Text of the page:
And then, thirty years after abandoning the hobby, the author began making film documentaries about the lives of working-class people. In his travels and interviews, he met more upper-class men and realized they didn’t intimidate him as in years past. He attended a falconry demonstration and realized that things had changed- talked to the man and learned that birds of prey were now bred in captivity, anyone could buy a bird to train, methods were a bit different now, it would be easy to join a falconry club, etc. So he obtained a captive-bred merlin and once again trained a bird to fly. Reading about the differences in this experience to the ones in his youth was enlightening, and I’m not even involved in this hobby! I’ve just always been kind of fascinated by it.

There’s much more in here about his family, life in the mining town, amusing incidents between friends, the volunteer work in Africa, teaching experiences, what it was like working with the film crew, his growing concerns about wildlife and so on. It was very interesting to read about the film and then watch it, even though I’ve never read his brother’s novel (though it’s been on my TBR for many many years). Enough is patterned after real life that I could follow what was going on in the film, though I struggled a lot to comprehend the dialect and slang. The film was made in the author’s hometown, in the very fields where he flew his kestrel as a young man. But not having read that book, the film’s ending took me by surprise, and it was very sad. It made me think a lot of stories by Helen Griffiths. With the bitter, gritty reality.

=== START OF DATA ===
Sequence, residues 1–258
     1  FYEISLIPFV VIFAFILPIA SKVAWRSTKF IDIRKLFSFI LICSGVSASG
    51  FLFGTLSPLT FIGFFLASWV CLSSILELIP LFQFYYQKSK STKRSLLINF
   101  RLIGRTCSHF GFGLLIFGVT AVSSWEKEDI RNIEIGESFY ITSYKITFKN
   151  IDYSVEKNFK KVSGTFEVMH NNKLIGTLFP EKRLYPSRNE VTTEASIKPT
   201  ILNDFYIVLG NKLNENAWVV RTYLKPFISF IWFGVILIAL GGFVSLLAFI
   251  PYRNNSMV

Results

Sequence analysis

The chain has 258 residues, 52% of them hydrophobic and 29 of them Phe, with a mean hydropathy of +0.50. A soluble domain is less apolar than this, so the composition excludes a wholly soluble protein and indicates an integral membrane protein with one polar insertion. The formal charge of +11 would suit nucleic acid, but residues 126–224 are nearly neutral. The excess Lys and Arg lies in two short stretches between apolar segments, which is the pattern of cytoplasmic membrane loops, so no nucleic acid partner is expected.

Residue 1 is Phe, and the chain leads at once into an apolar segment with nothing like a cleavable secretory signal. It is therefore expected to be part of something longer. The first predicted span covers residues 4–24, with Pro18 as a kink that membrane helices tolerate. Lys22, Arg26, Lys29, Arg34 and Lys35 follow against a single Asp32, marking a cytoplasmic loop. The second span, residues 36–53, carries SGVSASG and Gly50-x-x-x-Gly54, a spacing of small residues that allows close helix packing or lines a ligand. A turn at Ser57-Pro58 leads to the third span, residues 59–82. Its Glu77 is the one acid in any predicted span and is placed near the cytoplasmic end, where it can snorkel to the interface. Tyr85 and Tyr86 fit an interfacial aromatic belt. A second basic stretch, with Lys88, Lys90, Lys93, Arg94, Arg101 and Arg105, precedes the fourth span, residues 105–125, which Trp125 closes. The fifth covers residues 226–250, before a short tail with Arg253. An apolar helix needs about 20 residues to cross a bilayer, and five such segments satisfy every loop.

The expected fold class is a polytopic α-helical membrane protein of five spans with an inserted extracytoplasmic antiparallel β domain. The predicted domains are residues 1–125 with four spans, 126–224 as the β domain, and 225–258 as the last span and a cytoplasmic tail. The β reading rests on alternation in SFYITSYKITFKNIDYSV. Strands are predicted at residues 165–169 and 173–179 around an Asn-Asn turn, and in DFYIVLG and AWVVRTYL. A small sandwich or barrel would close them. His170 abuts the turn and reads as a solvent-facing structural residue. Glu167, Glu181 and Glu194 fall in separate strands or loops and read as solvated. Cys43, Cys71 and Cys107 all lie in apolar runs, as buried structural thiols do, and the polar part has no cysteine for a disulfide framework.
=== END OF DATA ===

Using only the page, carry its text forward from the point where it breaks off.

Borrowed from the public library.

Rating: 4/5
275 pages, 2016

Found at my public library